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Towards the identification of imaging biomarkers in schizophrenia, using multivariate pattern classification at a single-subject level.

Zarogianni E, Moorhead TW, Lawrie SM - Neuroimage Clin (2013)

Bottom Line: Standard univariate analyses of brain imaging data have revealed a host of structural and functional brain alterations in schizophrenia.However, these analyses typically involve examining each voxel separately and making inferences at group-level, thus limiting clinical translation of their findings.We discuss promising future research directions and the main difficulties facing machine learning researchers as far as their potential translation into clinical practice is concerned.

View Article: PubMed Central - PubMed

Affiliation: Division of Psychiatry, School of Clinical Sciences, University of Edinburgh, The Royal Edinburgh Hospital, Morningside Park, Edinburgh EH10 5HF, Scotland, UK.

ABSTRACT
Standard univariate analyses of brain imaging data have revealed a host of structural and functional brain alterations in schizophrenia. However, these analyses typically involve examining each voxel separately and making inferences at group-level, thus limiting clinical translation of their findings. Taking into account the fact that brain alterations in schizophrenia expand over a widely distributed network of brain regions, univariate analysis methods may not be the most suited choice for imaging data analysis. To address these limitations, the neuroimaging community has turned to machine learning methods both because of their ability to examine voxels jointly and their potential for making inferences at a single-subject level. This article provides a critical overview of the current and foreseeable applications of machine learning, in identifying imaging-based biomarkers that could be used for the diagnosis, early detection and treatment response of schizophrenia, and could, thus, be of high clinical relevance. We discuss promising future research directions and the main difficulties facing machine learning researchers as far as their potential translation into clinical practice is concerned.

No MeSH data available.


Related in: MedlinePlus

Representation of a linear, binary SVM classifier. The optimal separating hyperplane is the one with the largest margin of separation between the two groups and is described as a function of f(x) = w ∗ x + b, where w is a weight vector that is normal to the hyperplane, b is an offset and b///w// is the distance from the hyperplane to the origin. Points in the dashed lines represent the support vectors. During the training phase, the SVM classifier computes the optimal decision function f(x) and in the testing phase, this decision boundary is applied to new data instances.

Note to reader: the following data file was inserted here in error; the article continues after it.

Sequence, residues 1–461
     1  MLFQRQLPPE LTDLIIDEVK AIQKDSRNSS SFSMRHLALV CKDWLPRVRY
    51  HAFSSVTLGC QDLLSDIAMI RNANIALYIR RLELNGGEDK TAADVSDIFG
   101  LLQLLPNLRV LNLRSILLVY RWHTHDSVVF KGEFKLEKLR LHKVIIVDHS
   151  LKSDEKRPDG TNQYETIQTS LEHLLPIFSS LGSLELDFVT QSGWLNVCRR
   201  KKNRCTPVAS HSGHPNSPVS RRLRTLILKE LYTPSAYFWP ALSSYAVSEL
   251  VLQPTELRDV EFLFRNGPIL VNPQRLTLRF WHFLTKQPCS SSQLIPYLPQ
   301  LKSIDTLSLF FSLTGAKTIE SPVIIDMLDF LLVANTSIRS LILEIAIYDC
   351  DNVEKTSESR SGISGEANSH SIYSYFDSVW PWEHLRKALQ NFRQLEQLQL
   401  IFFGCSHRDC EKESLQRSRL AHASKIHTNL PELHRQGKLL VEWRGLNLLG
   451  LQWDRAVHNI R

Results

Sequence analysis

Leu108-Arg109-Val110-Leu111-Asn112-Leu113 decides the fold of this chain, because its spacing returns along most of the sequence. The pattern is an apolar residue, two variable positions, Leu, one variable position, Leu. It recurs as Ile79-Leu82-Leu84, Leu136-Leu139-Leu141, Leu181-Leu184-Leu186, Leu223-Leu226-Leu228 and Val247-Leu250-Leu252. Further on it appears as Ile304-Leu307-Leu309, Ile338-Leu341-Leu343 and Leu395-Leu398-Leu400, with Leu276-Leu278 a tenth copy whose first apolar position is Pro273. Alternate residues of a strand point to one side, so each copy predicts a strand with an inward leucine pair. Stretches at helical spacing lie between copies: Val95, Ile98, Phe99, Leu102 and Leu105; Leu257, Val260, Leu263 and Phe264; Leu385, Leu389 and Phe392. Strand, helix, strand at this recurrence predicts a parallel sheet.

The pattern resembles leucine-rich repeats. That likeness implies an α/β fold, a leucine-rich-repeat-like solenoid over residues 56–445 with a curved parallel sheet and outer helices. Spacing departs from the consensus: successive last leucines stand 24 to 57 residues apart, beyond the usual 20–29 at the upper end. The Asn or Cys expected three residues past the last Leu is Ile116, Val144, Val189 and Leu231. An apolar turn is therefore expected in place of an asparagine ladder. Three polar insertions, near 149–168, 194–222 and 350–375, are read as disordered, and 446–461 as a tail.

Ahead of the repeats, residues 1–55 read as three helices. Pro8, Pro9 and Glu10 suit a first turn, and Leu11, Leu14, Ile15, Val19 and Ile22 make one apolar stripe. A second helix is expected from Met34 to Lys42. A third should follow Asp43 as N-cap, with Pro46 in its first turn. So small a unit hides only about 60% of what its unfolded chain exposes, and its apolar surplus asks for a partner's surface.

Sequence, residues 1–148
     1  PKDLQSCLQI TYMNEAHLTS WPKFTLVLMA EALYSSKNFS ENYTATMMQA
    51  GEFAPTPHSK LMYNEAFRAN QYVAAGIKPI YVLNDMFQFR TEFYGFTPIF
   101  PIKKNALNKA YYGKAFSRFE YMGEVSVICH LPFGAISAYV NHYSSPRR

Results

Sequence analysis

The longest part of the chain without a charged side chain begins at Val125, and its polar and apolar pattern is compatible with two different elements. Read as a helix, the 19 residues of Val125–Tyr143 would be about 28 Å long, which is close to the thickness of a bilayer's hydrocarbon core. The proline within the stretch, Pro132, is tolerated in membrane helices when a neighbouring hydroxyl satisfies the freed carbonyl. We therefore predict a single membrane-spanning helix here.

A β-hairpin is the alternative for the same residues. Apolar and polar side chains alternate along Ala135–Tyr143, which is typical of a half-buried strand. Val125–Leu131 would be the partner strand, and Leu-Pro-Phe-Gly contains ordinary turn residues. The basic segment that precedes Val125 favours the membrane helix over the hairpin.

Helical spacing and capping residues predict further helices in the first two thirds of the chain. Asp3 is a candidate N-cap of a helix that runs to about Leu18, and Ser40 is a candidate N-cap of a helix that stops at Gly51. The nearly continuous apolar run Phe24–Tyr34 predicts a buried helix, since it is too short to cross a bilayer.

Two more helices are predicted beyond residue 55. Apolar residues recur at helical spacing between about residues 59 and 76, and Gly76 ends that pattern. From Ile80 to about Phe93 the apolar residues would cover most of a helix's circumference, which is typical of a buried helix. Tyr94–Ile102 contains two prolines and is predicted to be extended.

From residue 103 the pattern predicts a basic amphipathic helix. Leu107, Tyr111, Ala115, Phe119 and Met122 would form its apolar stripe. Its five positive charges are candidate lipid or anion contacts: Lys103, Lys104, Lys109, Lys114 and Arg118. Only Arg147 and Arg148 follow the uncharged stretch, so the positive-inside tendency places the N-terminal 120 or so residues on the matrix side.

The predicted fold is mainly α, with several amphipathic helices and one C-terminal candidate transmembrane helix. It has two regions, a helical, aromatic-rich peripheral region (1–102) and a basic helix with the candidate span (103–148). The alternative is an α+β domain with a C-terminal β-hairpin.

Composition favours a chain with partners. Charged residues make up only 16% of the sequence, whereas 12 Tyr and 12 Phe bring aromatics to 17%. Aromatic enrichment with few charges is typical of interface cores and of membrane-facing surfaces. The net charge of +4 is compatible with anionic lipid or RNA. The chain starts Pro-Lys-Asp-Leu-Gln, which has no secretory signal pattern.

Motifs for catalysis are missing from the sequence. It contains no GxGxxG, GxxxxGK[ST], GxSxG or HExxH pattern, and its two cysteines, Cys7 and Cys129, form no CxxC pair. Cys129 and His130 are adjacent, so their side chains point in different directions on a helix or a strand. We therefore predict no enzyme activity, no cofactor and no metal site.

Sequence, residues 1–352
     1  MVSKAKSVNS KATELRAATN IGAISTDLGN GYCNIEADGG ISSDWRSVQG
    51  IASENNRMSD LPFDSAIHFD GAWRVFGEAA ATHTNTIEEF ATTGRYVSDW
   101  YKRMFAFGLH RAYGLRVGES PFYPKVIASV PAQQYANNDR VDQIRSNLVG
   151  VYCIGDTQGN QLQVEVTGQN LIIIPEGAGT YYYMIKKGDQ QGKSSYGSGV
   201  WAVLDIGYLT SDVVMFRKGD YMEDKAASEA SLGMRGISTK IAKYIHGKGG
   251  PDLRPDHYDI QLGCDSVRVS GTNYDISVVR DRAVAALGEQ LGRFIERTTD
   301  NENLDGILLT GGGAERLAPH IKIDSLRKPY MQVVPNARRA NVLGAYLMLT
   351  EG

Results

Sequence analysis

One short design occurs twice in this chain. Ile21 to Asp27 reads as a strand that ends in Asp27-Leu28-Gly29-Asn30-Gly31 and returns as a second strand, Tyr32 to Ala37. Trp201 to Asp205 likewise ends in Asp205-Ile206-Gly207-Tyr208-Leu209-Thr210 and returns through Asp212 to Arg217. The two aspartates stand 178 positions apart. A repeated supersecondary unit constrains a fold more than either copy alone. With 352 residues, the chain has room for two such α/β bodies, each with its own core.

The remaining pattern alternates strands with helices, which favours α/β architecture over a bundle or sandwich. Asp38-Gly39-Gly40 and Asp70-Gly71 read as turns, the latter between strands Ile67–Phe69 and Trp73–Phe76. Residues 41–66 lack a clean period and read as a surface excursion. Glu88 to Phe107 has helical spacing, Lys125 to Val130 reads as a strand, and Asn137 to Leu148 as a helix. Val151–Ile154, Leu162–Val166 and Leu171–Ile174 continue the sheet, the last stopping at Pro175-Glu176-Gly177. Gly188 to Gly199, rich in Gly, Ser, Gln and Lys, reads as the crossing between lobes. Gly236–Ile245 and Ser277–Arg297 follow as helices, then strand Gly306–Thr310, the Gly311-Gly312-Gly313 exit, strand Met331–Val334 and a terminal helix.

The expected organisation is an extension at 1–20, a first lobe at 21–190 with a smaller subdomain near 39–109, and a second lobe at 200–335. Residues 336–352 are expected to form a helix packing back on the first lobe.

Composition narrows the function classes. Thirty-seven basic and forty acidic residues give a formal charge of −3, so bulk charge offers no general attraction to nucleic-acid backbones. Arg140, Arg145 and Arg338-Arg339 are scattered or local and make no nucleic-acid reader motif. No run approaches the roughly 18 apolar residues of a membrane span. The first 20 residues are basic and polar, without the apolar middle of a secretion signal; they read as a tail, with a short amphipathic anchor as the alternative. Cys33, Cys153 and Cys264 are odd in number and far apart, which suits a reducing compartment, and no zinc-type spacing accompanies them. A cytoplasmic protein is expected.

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f0005: Representation of a linear, binary SVM classifier. The optimal separating hyperplane is the one with the largest margin of separation between the two groups and is described as a function of f(x) = w ∗ x + b, where w is a weight vector that is normal to the hyperplane, b is an offset and b///w// is the distance from the hyperplane to the origin. Points in the dashed lines represent the support vectors. During the training phase, the SVM classifier computes the optimal decision function f(x) and in the testing phase, this decision boundary is applied to new data instances.

Mentions: SVM is one of the most popular supervised machine learning methods used in neuroimaging settings, partly because it can deal effectively with high-dimensional data and provide good classification results. The aim of a SVM classifier is to find a decision surface that would optimally distinguish between classes and based on that surface assign new, previously unseen data instances into the groups. In the training phase, the classifier computes the optimal decision surface expressed in the form f(x) = w·x + b only by a subset of the original training set D = <xi, yi> called the support vectors. Support vectors are data points that lie closest to the optimal separating hyperplane and hence are the most difficult patterns to classify (see Fig. 1). The optimal hyperplane is determined by maximizing the margin of separation between the two classes (which is equal to 2///w/). Equally, the problem of finding the optimal hyperplane, thus, becomes an optimization problem where we need to: min //w// subject to yi (xi·w + b) − 1 ≥ 0. The constraint part of the quadratic problem ensures that no data points can lie in the margin.